Achieving Passive User Enumeration with OneDrive

This post was written by @nyxgeek

Microsoft recently fixed a beloved user enumeration vulnerability in Office 365 that I routinely used to gain valid credentials for the last couple of years (https://grimhacker.com/2017/07/24/office365-activesync-username-enumeration/).

Microsoft still hasn’t changed its official stance on user-enumeration-as-a-bug (they say it’s NOT a problem), and the company opted to fix this latest example quietly without any announcement. One day in mid-November 2019, the user-enumeration “feature” just stopped working.

There are some other options for doing user enumeration via Office 365, but in my experience, these have proven unreliable. While they may work at first, after repeated attempts, false positives show up.

Update: When I originally tested UhOh365, it suffered from a problem with false positives. Microsoft has since discovered a fix for the issue. I ran a 100,000-line user list through it and it worked great, with a 98% positive-identification rate of the 700~ valid accounts. Since it has the most complete coverage, the most reliable method is currently via UhOh365 (https://github.com/Raikia/UhOh365). While the OneDrive user enumeration trick won’t be your go-to for user-enumeration, it’s worth keeping in your back pocket, in case Microsoft ever devises a fix for the UhOh365 method.

What I describe below is a simple, largely passive method of performing user enumeration via OneDrive. There is a caveat—the user must have logged into OneDrive. While this may lead to some loss of coverage, there should be no false positives. Until a better method comes along, this is a solid method to validate usernames.

Overview:

While using Office 365, I noticed that the OneDrive feature used a subdomain based off the Office 365 Tenant name, and a URL path that is distinct and predictable.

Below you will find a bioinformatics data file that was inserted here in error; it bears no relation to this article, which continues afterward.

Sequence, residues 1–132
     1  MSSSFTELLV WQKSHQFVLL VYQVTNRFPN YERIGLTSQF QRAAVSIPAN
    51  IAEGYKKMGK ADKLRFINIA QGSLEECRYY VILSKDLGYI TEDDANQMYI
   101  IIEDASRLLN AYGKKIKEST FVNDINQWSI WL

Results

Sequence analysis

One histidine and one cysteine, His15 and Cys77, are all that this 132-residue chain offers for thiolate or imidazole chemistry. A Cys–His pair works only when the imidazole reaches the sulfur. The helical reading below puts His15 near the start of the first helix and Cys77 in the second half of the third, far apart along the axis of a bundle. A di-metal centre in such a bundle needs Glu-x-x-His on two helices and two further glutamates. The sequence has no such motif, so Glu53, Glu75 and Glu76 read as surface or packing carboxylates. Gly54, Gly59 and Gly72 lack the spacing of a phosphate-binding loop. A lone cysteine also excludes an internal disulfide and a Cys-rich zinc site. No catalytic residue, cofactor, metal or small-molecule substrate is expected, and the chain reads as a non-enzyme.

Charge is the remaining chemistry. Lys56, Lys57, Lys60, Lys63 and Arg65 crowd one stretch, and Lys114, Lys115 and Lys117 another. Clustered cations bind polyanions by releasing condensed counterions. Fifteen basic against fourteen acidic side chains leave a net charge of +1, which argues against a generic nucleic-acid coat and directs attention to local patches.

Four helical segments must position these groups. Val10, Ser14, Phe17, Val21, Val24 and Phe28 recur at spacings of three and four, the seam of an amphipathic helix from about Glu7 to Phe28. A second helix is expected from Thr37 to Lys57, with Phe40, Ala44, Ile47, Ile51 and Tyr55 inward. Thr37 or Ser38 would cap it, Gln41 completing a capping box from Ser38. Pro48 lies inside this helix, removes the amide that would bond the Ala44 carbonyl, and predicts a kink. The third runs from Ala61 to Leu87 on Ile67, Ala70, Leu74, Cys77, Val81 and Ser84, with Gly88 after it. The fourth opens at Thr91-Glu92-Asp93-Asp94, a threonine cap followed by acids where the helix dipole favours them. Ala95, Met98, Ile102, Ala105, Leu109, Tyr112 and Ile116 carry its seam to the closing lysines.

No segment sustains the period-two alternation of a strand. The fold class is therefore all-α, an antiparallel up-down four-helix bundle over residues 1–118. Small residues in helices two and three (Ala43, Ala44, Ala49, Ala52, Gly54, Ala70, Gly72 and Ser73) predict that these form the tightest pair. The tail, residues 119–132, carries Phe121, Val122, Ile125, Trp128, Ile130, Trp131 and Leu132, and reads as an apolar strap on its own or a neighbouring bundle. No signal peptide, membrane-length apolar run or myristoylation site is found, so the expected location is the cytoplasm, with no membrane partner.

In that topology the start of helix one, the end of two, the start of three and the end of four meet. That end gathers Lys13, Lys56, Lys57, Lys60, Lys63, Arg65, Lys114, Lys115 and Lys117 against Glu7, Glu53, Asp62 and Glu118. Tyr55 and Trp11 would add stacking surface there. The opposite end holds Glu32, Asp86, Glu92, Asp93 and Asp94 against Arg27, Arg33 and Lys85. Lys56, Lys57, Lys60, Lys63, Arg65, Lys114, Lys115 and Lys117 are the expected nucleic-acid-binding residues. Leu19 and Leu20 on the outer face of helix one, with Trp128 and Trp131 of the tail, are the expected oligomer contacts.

For example, let’s examine the OneDrive URL for a user with the email address of [email protected]

https://acmecomputercompany-my.sharepoint.com/personal/lightmand_acmecomputercompany_com/_layouts/15/onedrive.aspx

Breaking this down, we can see that it is made with the following variables. Note that any periods in the username or domain are replaced with underscores (_).

https:// + TENANT NAME
+ -my.sharepoint.com/personal/+ USERNAME + DOMAIN +
/_layouts/15/onedrive.aspx

Using a simple Python script, or even a Bash script, it’s trivial to test for valid paths. If the user exists, it will return a 403 response code. If the user does not exist OR if they have never logged into OneDrive, then it will return a 404.

I have posted a script called onedrive_user_enum.py on GitHub, available here:
https://github.com/nyxgeek/onedrive_user_enum

Usage:

Usage is as follows:

python onedrive_enum.py -d
acmecomputercompany.com -U user_list.txt

If the domain name and Tenant ID are different, you can specify the tenant ID via the “-t” flag. Usernames should be sans domain, with only the first portion of the email address.

Below is an example of the output of the tool:

Obviously, the results will vary depending on how many users at the organization have accessed OneDrive. However, it is a reliable method of user enumeration, and should keep you off of the radar of defenders.

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